The gospel story doesn't stop there. Jesus didn't just die to become our "Saviour", saving us from the consequences of our rebellion against God. No. The Bible tells us that "God has raised this Jesus to life" (Acts 2:32) and that He now sits on a throne in heaven (Ephesians 1:20), as the "King" of every Christian's life. The Bible says that if we hold firmly to the truth about what Jesus Christ has done for us through His death and resurrection, we will be saved (1 Corinthians 15:1-5).

That's the gospel in a nutshell. If you've heard something today you want or need to hear more about, I'd invite you to talk to the person who you came with or one of the organisers of this event, or to consider joining one of our upcoming courses, Introducing God and Two Ways to Live. These courses will explain what I have just said in more detail and give you an opportunity to ask questions and have them answered in a more private setting than here.

Of course, Jesus being King over a kingdom which includes you and I means that we will live our everyday lives differently to those lived by others around us. This is what I'm going to talk about now...

[Okay, that's 667 words, over twice as much as I had allocated. Obviously I'm going to have to cut back somewhere! For further instalments of my assignment/talk, please check back at my blog over the following few days. If you are interested in the course I mentioned called "Two Ways to Live", you can read more about it here.]


Anonymous said...

Repeat after me: "I hate word limits..." I feel for you. It's much harder to dump than to come up with!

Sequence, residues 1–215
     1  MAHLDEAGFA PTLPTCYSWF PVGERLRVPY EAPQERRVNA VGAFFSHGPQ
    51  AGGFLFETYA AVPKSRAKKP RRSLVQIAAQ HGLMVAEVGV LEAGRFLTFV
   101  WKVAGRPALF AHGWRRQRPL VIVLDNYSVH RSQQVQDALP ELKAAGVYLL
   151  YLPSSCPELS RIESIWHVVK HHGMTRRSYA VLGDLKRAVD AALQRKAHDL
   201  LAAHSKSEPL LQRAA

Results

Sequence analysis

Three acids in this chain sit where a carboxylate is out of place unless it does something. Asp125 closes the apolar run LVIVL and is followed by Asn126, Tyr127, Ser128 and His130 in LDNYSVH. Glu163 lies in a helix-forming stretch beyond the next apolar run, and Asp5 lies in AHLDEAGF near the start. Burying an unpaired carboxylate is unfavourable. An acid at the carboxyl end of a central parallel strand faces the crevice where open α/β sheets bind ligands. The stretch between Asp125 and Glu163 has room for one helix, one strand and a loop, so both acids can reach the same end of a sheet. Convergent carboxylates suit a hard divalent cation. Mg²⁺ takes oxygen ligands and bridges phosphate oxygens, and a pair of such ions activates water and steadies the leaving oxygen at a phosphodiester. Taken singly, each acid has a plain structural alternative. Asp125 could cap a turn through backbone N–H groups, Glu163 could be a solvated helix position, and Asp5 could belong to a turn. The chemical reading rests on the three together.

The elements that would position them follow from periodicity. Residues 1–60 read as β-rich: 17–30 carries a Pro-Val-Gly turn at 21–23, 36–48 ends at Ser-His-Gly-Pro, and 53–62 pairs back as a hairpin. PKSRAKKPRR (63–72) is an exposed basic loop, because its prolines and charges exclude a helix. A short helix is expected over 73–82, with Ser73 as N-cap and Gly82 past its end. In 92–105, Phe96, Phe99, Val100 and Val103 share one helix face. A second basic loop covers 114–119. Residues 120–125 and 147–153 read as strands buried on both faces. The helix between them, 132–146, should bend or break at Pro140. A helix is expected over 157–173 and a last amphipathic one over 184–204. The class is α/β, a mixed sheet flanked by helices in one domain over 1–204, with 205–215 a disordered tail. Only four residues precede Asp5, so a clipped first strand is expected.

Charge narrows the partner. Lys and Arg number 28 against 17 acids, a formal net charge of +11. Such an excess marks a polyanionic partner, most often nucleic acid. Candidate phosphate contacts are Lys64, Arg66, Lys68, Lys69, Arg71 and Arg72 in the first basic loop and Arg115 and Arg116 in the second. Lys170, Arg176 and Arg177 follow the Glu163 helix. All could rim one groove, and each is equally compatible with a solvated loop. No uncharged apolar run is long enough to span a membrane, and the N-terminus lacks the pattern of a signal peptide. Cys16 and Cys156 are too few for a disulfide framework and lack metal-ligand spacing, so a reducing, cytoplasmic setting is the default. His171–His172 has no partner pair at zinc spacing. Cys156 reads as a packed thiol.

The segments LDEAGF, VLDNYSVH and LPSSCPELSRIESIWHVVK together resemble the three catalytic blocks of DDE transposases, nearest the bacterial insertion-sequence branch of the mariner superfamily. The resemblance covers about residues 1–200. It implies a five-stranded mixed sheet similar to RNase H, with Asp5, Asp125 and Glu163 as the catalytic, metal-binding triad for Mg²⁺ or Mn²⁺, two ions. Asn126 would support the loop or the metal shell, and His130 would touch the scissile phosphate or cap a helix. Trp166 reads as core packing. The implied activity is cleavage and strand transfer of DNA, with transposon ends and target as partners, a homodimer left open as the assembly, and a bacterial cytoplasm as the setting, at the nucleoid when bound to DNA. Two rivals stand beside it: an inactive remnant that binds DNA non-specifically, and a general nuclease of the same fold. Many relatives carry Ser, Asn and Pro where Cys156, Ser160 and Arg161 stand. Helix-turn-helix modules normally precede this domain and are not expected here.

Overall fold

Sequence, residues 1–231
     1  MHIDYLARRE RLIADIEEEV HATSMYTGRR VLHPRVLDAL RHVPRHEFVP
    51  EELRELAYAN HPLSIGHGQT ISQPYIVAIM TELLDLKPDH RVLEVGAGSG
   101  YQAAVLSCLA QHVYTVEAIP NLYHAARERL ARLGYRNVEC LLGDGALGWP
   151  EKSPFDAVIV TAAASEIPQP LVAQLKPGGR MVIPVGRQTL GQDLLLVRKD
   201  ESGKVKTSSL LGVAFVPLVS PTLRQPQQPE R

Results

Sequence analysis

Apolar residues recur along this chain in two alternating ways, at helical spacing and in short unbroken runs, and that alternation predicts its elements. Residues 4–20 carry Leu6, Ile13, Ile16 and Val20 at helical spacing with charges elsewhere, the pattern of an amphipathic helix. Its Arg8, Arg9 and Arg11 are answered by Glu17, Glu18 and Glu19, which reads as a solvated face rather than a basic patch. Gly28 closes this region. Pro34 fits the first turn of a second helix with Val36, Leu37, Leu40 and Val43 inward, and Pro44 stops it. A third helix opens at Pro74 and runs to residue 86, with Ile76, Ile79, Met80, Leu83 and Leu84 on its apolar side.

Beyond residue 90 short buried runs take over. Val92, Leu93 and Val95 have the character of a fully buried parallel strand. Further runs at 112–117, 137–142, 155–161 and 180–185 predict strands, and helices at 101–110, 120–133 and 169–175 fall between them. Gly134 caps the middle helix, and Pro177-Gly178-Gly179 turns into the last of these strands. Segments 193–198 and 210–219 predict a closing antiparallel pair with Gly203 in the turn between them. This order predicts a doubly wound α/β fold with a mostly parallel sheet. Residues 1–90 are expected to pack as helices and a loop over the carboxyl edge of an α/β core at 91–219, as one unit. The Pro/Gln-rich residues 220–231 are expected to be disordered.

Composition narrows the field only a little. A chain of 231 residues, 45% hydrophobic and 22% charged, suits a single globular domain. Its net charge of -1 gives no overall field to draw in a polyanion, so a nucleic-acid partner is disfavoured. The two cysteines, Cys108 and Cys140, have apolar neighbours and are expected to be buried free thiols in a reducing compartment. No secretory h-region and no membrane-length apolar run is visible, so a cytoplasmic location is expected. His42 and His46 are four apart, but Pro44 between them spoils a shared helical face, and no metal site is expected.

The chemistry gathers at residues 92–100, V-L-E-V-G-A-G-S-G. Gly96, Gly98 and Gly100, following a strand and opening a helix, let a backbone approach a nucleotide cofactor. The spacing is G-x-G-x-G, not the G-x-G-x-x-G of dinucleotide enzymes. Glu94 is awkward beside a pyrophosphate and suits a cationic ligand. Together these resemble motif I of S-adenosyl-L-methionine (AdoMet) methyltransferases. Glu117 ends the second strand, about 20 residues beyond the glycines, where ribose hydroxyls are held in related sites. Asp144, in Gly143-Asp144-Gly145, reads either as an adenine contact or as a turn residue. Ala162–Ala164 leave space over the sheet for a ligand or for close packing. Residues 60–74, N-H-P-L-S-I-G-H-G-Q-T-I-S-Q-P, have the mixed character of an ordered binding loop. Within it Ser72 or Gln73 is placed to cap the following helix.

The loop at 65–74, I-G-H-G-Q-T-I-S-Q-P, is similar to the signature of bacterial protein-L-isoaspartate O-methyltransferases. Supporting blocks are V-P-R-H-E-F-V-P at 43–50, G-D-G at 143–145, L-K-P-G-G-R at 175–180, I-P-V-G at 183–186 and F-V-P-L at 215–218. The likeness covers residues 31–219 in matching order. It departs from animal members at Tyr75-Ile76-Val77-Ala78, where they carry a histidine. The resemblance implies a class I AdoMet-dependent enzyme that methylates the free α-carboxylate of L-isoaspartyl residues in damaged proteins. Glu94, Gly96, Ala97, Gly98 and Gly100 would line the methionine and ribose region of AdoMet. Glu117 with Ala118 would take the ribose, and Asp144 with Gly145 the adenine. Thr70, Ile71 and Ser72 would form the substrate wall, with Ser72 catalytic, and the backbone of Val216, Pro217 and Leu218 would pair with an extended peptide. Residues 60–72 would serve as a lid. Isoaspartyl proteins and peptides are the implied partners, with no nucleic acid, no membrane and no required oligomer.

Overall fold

In Him


Mrs. Edwards said...

Okay, this doesn't help condense, but I wonder if you could explain more clearly what it means to "hold firmly to the truth about what Jesus Christ has done..."? How exactly am I saved? By holding firm?

You've done a marvelous job explaining the doctrine of the gospel, but probably could emphasize belief and believing in His Name more.

Very solid! Can't wait to read more--

Mrs. Edwards said...

One more thing...I sent this link to my mom, who teaches classes on teaching the gospel to children, and she thought your post was super!

Take care.

Sharon said...

You're right Mrs Edwards, I knew it was weak in that area. I have managed to get this section down in my "final-ish" version to 442 words so I'll see how I can tweak it.
~ Sharon

mom24 said...

Things went "pear shaped"? I've never heard this phrase and it made me chuckle! :-D

My only thought was "this is what Christians call sin" maybe could be "what the BIBLE calls sin" in order to clarify for those who may not be believers where the authority of this truth comes from - not we humans but from God himself? Just my 2 cents though. I think you've got this VERY well written! Let me know how it works out when you present it!

Sharon said...

Thanks for that tip Andrea. You are completely right about the wording needing to refer to the final authority, rather than just the ones who are proclaiming it.

As I wrote "pear-shaped" I did wonder about whether it was toospecific an idiom, but since this is meant to be a talk I thought it was important to use "talk" language, rather than "essay" language. I don't get to present it as a talk, however. I just hand in the paper. In a class of about 30 people you can understand why.

~ Sharon